Further studies are needed towards to a better understanding of the detailed mechanism of action of these poisonous plants, as well as their role in curing a variety of diseases. More information about the toxic compounds of these plants could help develop a variety of drugs. On the other hand, the high demands of some poisonous plants have caused their overexploitation in their natural habitat and they are facing a high risk of extinction. Therefore, there is a need for a policy for the conservation of these poisonous plants, which can be achieved by encouraging farmers to cultivate them as, and along with their conservation, it will be helpful in protecting them as well as increasing the income of the farmers. It is also worth noting that there is a lack of data availability about the number of people and animals affected by poisonous plants. The availability of such data can be useful for the government, researchers and other agencies to raise people’s awareness about plant toxicity. Hence, there is a need to develop such a plan which gives information about the loss of humans and animals due to plant poisoning every year.

Author Contributions

Conceptualization, P.S. and N.C.-M.; writing—original draft preparation, A.J., P.S. and V.L.T.; writing—review and editing, P.S., M.C.N. and N.C.-M. All authors have read and agreed to the published version of the manuscript.


This research received no external funding.


Authors are thankful to the laboratory and library staff of High-Altitude Plant Physiology Research Centre (HAPPRC), H.N.B. Garhwal University Uttarakhand, India, and Graphic Era (Deemed to be University) Uttarakhand, India for their support and kind cooperation.

Conflicts of Interest

The authors declare no conflict of interest.


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Figure 1. Types of plants toxins and their mode of actions.
Figure 1. Types of plants toxins and their mode of actions.
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Figure 2. General symptoms of the poisonous plants in humans after touching and ingestion.
Figure 2. General symptoms of the poisonous plants in humans after touching and ingestion.
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Figure 3. Flowchart for study design.
Figure 3. Flowchart for study design.
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Figure 4. Uses of poisonous plants to cure several diseases.
Figure 4. Uses of poisonous plants to cure several diseases.
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Table 2. Medicinal uses of some poisonous plants (Figure 4).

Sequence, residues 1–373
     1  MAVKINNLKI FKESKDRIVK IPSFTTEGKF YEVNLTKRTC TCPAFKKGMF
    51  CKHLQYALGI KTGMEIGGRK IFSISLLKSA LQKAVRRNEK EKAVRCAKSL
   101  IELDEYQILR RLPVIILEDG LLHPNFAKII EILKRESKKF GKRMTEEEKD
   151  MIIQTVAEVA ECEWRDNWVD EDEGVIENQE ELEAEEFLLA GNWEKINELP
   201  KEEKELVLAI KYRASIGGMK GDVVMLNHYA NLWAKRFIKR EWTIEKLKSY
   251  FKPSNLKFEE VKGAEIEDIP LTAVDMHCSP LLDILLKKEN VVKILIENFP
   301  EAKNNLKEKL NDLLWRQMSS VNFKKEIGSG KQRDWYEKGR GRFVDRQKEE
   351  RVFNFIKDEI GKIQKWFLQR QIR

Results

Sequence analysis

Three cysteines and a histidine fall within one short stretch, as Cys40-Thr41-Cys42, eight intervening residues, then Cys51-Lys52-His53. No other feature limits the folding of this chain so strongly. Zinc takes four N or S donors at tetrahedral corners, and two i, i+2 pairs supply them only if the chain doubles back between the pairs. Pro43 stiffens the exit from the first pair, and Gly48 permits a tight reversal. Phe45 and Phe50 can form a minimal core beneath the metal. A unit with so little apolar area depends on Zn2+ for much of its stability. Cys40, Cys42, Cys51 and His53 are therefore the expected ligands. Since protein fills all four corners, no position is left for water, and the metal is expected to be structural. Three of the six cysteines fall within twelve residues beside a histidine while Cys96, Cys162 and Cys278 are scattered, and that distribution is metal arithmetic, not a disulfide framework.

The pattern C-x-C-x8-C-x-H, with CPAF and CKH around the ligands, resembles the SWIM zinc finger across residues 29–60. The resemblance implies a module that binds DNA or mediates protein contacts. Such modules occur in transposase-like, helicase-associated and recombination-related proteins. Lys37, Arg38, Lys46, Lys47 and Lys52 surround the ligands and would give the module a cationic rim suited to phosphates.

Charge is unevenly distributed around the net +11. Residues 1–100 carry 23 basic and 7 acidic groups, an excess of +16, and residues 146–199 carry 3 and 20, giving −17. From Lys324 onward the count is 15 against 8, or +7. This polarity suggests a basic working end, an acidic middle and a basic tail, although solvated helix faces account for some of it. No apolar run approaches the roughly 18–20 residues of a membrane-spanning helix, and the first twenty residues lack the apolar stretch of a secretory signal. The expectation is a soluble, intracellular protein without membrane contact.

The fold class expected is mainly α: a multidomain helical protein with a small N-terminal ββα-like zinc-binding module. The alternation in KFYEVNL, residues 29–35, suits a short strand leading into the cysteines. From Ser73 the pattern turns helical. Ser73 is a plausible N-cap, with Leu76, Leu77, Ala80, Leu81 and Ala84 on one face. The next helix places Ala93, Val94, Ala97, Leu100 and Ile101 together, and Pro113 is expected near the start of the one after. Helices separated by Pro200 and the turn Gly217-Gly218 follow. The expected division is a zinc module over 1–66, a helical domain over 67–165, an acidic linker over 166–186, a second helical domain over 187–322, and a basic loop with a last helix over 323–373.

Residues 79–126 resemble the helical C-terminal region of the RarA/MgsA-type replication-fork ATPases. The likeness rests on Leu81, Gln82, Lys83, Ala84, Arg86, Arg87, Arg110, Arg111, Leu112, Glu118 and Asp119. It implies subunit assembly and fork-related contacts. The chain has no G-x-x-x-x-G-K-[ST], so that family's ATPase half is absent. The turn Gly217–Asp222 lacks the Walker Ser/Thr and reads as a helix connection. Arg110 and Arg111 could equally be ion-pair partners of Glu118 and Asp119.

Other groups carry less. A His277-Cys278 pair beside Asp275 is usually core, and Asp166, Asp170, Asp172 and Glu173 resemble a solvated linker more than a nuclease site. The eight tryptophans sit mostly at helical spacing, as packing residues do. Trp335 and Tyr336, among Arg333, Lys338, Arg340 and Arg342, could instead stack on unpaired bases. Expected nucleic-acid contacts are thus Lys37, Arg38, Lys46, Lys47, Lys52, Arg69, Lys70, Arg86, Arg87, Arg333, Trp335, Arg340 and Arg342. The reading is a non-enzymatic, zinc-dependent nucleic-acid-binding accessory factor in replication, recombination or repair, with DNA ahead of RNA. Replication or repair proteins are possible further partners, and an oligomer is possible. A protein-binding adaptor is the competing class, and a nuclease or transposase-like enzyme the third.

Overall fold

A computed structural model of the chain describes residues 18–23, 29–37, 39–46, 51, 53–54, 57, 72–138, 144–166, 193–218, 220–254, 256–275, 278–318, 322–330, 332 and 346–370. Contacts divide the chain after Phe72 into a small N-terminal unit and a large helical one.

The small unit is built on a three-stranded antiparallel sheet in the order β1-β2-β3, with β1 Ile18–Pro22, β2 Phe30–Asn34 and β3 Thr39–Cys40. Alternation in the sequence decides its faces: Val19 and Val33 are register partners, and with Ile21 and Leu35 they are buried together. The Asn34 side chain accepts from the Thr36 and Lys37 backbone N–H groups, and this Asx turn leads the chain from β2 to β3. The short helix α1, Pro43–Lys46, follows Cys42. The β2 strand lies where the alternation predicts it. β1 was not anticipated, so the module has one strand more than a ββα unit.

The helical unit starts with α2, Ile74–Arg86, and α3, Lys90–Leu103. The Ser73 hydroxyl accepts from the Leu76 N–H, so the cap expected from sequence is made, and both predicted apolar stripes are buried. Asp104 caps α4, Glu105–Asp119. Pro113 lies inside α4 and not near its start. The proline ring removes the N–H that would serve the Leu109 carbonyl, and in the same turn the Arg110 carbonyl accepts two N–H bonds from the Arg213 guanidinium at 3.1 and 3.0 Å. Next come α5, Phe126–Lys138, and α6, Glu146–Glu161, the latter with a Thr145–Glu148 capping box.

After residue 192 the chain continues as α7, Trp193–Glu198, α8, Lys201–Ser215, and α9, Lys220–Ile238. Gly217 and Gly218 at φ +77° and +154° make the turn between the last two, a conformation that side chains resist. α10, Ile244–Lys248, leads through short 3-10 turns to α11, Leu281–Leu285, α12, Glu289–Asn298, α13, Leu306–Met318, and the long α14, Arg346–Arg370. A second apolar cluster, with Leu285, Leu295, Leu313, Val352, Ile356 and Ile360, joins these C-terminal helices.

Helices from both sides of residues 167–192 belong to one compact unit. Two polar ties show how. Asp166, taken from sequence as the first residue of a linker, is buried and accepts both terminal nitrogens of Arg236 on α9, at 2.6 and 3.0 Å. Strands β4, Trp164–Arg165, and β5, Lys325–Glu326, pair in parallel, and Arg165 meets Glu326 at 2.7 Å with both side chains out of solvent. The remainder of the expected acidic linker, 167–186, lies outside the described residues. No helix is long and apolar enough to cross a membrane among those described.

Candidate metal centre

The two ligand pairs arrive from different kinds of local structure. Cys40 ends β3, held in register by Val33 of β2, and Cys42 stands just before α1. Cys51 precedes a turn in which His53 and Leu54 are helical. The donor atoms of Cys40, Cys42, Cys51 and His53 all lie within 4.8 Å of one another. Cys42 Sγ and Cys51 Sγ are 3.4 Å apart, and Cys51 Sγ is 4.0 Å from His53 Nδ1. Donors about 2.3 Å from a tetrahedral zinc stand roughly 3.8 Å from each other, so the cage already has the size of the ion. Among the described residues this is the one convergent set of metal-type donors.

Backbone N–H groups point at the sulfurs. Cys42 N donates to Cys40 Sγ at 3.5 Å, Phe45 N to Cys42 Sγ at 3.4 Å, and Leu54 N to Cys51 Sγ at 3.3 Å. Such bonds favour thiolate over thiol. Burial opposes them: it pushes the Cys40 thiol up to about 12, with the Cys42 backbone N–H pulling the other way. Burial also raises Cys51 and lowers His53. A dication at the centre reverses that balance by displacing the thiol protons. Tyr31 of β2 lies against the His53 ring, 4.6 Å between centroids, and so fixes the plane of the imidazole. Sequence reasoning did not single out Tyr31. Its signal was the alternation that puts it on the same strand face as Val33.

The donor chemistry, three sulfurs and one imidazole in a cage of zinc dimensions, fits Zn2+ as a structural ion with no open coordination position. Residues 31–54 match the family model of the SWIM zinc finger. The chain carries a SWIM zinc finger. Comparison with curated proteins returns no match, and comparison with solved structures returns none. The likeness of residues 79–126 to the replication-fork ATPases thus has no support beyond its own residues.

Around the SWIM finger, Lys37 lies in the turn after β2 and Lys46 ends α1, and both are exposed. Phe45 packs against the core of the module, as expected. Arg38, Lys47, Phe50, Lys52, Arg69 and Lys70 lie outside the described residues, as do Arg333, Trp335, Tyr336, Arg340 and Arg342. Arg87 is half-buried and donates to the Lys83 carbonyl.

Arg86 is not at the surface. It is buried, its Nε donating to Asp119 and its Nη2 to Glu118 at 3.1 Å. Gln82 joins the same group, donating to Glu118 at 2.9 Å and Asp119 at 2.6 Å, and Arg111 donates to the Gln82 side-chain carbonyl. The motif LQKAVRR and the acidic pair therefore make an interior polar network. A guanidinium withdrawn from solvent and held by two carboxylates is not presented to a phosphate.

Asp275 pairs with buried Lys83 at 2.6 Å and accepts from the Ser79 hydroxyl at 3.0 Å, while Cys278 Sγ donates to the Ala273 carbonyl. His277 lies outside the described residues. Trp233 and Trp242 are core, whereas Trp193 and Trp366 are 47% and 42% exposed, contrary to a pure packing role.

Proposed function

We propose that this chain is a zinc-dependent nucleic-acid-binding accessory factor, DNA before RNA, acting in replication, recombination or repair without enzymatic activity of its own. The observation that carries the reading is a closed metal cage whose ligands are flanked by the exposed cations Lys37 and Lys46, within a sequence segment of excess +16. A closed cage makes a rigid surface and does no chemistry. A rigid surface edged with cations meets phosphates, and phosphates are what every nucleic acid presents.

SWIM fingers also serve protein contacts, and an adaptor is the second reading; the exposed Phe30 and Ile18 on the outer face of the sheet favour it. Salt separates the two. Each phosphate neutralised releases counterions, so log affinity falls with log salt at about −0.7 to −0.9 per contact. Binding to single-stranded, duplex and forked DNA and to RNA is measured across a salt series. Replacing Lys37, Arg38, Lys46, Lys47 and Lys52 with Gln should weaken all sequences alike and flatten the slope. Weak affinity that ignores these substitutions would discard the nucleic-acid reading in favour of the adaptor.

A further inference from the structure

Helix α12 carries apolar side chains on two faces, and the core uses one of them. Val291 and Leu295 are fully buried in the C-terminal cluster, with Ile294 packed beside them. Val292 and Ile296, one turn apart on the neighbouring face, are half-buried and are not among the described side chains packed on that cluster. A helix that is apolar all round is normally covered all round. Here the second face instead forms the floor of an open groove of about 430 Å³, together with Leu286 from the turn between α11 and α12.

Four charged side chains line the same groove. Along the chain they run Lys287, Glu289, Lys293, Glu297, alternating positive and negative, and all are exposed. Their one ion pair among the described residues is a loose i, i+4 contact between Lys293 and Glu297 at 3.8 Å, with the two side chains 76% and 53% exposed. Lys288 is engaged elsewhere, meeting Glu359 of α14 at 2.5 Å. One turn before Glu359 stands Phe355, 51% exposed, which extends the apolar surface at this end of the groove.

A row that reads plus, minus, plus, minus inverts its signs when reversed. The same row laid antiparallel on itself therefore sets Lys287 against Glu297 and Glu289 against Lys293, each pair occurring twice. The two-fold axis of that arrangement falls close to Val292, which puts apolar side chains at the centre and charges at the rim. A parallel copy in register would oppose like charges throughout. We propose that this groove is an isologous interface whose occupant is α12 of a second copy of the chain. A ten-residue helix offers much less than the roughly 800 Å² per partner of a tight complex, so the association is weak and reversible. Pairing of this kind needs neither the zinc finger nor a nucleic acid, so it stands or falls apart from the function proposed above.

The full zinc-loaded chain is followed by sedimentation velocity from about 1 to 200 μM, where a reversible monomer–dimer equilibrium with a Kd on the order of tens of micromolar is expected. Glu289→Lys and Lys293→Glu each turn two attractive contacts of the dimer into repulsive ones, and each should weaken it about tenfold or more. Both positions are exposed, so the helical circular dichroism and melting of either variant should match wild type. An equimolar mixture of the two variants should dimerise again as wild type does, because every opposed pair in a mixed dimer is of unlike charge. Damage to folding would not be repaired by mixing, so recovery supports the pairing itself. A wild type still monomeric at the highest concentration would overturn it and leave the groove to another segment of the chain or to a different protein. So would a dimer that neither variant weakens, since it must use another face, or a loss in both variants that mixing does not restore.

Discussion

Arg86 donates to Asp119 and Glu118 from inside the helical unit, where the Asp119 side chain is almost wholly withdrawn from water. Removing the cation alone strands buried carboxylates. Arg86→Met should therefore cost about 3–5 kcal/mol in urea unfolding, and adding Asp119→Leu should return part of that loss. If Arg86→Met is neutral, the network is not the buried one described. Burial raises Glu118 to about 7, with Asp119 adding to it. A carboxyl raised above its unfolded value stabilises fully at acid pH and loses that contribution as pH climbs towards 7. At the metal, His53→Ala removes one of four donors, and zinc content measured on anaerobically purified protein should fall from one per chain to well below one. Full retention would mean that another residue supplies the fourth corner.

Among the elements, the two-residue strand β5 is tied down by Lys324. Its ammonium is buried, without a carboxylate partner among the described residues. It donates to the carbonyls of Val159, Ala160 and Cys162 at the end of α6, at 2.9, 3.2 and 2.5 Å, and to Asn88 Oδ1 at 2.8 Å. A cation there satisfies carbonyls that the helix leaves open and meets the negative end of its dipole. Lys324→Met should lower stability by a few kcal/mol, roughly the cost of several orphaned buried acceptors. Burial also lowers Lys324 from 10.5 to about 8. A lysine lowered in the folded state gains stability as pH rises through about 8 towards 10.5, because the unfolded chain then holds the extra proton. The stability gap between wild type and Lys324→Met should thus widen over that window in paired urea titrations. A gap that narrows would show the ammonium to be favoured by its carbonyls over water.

Table 2. Medicinal uses of some poisonous plants (Figure 4).
S. No.Poisonous PlantsMedicinal PropertiesReferences
1Abrus precatorius Linn.Traditionally used to treat tetanus and to prevent rabies.[32]
2Aconitum lethale Griff.Used to cure leprosy and arthritis, fever, rheumatism and boils.[128,129,130,131,132,133]
3Aconitum chasmanthum Stapf ex HolmesUsed in neuralgia, beurological rheumatism, as anthelminthic and as body tonic.[134,135]
4Aconitum ferox Wall. ex Ser.Fever, digestive problems, leprosy, cholera inflammation and cuts, after detoxification of dried tubers by boiling in alcohol and used for fever, throat pain, tonsillitis, stomach ache and cheilitis.[136,137,138,139]
5Aconitum hookeri StapfDried roots are used in diabetes and jaundice.[140]
6Aconitum laeve RoyleUsed in kidney problems such as kidney stones, cold, cough, vomiting and diarrhea.[141,142]
7Aquilegia pubiflora Wall. ex RoyleTraditionally used in hepatitis, jaundice, wound healing, skin burns, circulatory and cardiovascular diseases.[143,144,145]
8Arisaema triphyllum (L.) SchottUsed in stomach ache and rheumatism, piles, dysentery. Tubers’ powder are used for the treatment of wound healing.[146,147,148,149,150]
9Atropa belladonna Linn.Used to dilate the pupil of the eye, headache, peptic ulcer, menstrual symptoms, inflammation and motion sicknesss.[151,152]
10Cannabis sativa Linn.Used for the treatment of various diseases, i.e., nausea, vomiting, diabetes, glaucoma, snake-bite, chronic pain, arthritis, bronchial asthma and cancer.[153,154,155]
11Convallaria majalis Linn.Used in congestive heart failure and cardiomyopath[156]
12Delphinium brunonianum RoyleThe dry and powdered rhizome is used in fever, headache stomach-ache, and cough.[157]
13Hyoscyamus niger Linn.Used for the treatment for pupil dilating, urinary bladder relaxant, antisecretory, bronchodilating, anti-diarrheal properties, and as a spasmolytic, hypnotic hallucinogenic and sedative.[158,159]
14Melia azedarach Linn.Stem and bark are used in gonorrhea, malaria and to expel parasitic worms, leaves are used for skin diseases such as scabies and for brushing teeth.[160,161]
15Silybum marianum (L.) Gaertn.Used to treat liver and biliary disorders.[162]
16Taxus baccata Linn.The taxol has high anticancer properties and used for cancer treatment.[163]
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Jamloki, A.; Trivedi, V.L.; Nautiyal, M.C.; Semwal, P.; Cruz-Martins, N. Poisonous Plants of the Indian Himalaya: An Overview. Metabolites 2022, 12, 540.

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Jamloki A, Trivedi VL, Nautiyal MC, Semwal P, Cruz-Martins N. Poisonous Plants of the Indian Himalaya: An Overview. Metabolites. 2022; 12(6):540.

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Jamloki, Abhishek, Vijay Laxmi Trivedi, M. C. Nautiyal, Prabhakar Semwal, and Natália Cruz-Martins. 2022. "Poisonous Plants of the Indian Himalaya: An Overview" Metabolites 12, no. 6: 540.